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Efficacy of Deucravacitinib in Plaque Psoriasis


Lakshi Aldredge, MSN, ANP-BC, reviews the mechanism of action of deucravacitinib, commenting on its efficacy in the treatment of plaque psoriasis.

Alexa Hetzel, MS, PA-C: Lakshi, can you explain what the distinctive selectivity of deucravacitinib is, the mechanism of action, and how it differs from the different JAK [Janus kinase] inhibitors we have for atopic dermatitis?

Lakshi Aldredge, MSN, ANP-BC: Yes, and just carrying on with your conversation, it’s amazing to see the expansion of treatment options that we have, going from topicals, where we really thought that the action was purely in the keratinocytes, to the advancement of understanding that this is an immunological disease. Then moving from not only topicals but to oral treatments and then biologics has really transformed. It’s an interesting paradigm shift now that we’re seeing new agents that are oral therapies, so pills again, as well as new topical treatments. We’re coming full circle in our understanding of how effective treatments can be.

It’s been interesting to me to see the efficacy of an oral agent that mimics the efficacy that we’ve seen with our biologic therapies. Deucravacitinib has a novel mechanism of action. It’s a TYK2 [tyrosine kinase 2] selected inhibitor that is an oral agent taken once daily that targets IL [interleukin]-12 and IL-23. It has the same mechanism of action and focused target of action that we see with the biologic agents.

One of the differences between biologics and pills is that we’re used to thinking of biologics being highly targeted and very safe, whereas the traditional pills that we’re used to, such as apremilast, methotrexate, and cyclosporine, we think about them having a wide effect within the immune system and perhaps not being as safe, and perhaps contributing to end-organ damage. With deucravacitinib, this is not the case. We see in this oral agent, highly specific action focusing on TYK2 inhibition, which we know seems to play an active part in controlling IL-12 and IL-23, both of which have been identified as key cytokine players in the pathogenesis of psoriasis.

With deucravacitinib, an oral agent taken once daily, because of its focus on TYK2, we do not see the adverse effects that we see with JAK inhibitors 1, 2, and 3 that, especially in the rheumatoid space, we were concerned about the adverse effect profile. We started to see a lot of major adverse cardiovascular events, especially thrombolytic events. We’re just not seeing that with selected TYK2 inhibition. With deucravacitinib, we see focused inhibition that seems to have high efficacy with a very favorable safety profile that we’re used to seeing with biologic therapies. Again, giving us a lovely alternative to biologic agents because we know there are some patients who don’t want to take injections, or perhaps cannot. Having a once-daily oral formulation is a lovely alternative.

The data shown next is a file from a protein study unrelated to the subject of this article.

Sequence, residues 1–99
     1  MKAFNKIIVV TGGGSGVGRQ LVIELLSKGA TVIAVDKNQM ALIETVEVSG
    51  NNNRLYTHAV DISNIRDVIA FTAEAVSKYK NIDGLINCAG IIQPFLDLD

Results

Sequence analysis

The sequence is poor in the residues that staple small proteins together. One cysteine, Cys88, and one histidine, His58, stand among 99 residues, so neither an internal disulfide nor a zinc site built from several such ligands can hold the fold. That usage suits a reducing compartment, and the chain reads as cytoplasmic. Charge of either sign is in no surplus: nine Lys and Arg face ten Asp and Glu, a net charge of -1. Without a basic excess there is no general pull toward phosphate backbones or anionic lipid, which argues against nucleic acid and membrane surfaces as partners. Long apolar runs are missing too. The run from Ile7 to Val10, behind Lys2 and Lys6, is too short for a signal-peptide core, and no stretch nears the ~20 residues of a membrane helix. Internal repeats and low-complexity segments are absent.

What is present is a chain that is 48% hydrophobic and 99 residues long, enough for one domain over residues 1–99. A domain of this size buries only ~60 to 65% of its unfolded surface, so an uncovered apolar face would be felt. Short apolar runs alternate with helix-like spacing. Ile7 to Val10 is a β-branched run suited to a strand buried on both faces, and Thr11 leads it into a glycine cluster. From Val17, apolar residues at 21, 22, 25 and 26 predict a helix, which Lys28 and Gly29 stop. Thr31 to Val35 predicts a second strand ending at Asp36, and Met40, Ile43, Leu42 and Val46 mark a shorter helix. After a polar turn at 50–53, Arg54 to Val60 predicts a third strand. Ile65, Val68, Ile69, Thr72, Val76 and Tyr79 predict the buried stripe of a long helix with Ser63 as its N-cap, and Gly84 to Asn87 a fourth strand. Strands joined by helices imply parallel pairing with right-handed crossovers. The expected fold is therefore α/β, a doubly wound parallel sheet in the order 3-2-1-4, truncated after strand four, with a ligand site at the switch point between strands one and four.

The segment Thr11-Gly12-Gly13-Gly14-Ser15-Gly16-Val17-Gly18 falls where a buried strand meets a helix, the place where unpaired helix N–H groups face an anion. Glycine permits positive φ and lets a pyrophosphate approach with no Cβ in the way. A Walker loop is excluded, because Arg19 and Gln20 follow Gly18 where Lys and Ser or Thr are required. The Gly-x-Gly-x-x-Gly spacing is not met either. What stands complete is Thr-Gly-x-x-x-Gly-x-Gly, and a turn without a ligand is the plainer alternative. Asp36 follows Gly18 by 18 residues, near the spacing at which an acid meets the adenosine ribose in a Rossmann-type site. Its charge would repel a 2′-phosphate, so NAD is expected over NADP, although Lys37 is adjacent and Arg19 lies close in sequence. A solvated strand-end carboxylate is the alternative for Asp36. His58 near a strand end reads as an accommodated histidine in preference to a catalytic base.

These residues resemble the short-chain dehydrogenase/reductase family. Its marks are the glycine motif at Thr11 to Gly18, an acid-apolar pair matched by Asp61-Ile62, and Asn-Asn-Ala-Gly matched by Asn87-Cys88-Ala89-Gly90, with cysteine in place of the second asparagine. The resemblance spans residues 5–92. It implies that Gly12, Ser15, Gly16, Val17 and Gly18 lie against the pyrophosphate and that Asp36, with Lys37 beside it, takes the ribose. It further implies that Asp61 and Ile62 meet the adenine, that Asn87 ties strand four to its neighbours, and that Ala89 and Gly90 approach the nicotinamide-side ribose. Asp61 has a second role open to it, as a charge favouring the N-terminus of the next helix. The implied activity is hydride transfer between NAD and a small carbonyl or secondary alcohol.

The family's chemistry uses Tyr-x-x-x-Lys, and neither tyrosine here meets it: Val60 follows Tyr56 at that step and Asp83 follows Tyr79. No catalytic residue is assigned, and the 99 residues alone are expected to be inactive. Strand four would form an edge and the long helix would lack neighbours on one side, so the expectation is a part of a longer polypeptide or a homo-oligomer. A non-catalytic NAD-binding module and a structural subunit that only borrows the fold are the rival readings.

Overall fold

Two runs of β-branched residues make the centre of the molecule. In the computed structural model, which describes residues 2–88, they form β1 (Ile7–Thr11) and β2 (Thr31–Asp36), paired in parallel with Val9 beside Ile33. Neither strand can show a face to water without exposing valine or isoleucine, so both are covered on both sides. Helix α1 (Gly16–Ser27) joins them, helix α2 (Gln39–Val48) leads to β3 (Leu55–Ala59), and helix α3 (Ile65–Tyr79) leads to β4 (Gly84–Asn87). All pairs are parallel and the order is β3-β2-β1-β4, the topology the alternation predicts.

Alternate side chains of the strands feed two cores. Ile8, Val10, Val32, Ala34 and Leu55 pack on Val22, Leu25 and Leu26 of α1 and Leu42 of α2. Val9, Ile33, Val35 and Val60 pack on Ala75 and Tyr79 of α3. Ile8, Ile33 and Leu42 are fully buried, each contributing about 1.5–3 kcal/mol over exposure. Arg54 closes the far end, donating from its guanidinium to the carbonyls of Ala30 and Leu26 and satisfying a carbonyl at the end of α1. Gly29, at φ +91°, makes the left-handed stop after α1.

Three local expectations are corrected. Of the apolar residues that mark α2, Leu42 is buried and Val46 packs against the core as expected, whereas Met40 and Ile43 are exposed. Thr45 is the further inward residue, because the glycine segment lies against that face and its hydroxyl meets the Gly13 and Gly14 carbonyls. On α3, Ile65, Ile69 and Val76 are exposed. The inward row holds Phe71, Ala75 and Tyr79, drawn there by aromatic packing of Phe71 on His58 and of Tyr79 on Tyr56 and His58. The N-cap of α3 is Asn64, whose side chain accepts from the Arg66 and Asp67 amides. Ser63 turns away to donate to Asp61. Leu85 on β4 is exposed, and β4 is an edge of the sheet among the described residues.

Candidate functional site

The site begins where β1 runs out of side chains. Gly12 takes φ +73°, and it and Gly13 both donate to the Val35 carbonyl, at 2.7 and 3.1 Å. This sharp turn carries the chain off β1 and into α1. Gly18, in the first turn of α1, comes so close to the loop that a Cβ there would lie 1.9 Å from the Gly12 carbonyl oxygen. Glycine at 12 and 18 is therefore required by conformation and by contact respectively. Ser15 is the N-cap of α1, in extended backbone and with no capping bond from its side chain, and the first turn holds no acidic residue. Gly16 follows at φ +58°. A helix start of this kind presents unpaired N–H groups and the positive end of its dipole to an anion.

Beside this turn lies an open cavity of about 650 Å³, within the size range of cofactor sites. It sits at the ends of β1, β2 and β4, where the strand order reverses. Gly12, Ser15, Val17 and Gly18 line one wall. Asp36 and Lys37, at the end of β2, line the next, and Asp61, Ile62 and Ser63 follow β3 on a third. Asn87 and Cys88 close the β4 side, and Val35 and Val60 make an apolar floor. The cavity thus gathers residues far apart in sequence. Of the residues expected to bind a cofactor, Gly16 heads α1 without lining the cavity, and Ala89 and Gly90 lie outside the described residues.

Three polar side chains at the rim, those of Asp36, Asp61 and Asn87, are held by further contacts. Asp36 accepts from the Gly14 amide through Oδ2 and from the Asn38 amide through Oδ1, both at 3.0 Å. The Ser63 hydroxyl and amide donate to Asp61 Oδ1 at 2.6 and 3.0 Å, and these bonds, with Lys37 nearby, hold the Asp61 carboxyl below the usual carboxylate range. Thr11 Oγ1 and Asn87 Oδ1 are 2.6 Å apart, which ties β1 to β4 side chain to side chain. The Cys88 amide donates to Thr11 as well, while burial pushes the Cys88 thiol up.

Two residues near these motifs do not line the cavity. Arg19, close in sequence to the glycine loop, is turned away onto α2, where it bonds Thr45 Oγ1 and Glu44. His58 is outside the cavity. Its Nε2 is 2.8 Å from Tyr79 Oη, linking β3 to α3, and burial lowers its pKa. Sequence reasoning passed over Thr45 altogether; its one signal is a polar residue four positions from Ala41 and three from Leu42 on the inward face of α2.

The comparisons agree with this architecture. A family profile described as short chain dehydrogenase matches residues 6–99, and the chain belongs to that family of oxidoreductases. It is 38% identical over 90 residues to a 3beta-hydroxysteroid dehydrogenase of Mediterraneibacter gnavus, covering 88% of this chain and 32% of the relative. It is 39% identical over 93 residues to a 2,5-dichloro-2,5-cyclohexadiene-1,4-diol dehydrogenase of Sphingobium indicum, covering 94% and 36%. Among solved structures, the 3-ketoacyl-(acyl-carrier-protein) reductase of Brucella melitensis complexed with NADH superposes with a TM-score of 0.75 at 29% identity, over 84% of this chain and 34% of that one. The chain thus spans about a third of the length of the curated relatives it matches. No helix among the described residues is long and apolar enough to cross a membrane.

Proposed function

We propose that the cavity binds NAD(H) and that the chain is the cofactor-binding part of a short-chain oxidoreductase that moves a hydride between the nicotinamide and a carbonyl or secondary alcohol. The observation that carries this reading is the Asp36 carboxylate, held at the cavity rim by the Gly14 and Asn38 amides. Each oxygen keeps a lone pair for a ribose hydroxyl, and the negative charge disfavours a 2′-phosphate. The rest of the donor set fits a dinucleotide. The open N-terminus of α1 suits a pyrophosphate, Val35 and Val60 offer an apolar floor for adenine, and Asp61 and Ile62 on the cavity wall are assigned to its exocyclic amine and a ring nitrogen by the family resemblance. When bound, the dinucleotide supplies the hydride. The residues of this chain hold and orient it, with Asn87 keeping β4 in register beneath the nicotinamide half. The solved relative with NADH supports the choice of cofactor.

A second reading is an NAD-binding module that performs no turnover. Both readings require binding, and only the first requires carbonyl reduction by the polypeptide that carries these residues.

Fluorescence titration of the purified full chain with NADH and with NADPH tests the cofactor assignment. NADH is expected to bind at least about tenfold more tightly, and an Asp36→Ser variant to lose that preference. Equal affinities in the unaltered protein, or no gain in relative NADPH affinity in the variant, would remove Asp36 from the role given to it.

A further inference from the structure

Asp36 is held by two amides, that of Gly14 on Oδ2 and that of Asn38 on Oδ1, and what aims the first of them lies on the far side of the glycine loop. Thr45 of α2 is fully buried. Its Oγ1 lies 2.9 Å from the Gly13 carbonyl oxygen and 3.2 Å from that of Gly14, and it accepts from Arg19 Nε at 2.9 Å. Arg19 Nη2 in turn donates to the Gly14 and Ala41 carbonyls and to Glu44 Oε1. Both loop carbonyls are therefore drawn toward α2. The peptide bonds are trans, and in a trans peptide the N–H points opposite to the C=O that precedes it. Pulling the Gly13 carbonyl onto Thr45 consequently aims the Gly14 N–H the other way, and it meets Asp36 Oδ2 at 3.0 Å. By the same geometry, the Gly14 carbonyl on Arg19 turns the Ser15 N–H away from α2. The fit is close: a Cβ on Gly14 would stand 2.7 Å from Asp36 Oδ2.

Alexa Hetzel, MS, PA-C: Very nicely said.

Jennifer Conner, MPAS, PA-C: It’s the allosteric inhibition that’s the difference that allows the TYK2, that pathway to be so specific for those inflammatory cytokines for psoriasis. The JAK inhibitors are inhibiting a much broader immune response, and that’s where we see more of those systemic adverse effects and those cardiovascular events that we worry about.

Alexa Hetzel, MS, PA-C: Go for it, Laura.

Laura Bush, DMSc, PA-C: I think the mechanism of action is very cool. It’s neat how the deucravacitinib attaches at the regulatory domain so therefore it’s allosterically changing the actual shape, which is not allowing the active domain to bebound to. Therefore it’s stopping it at that point, which is affecting the IL-23, which is effectually making less IL-17. It’s just a cool mechanism of action, and because it’s so highly specific, it’s not crossing over like the other JAKs. It’s in the JAK family, but it’s so highly specific that it doesn’t leak out like the others do; therefore you don’t have the adverse effects and the events. So that’s really a win-win.

Alexa Hetzel, MS, PA-C: And it’s intracellular. That’s one thing that we didn’t say. The biologics are extracellular, so they’re binding to the T helper 2 cells, whereas deucravacitinib is getting inside the cell and stopping that transcription of the message to the nucleus. So we’re not getting extra IL-17, which is so cool.

Jennifer Conner, MPAS, PA-C: It’s so cool.

Laura Bush, DMSc, PA-C: It is cool.

Alexa Hetzel, MS, PA-C: It’s so different. I love it.

Transcript edited for clarity

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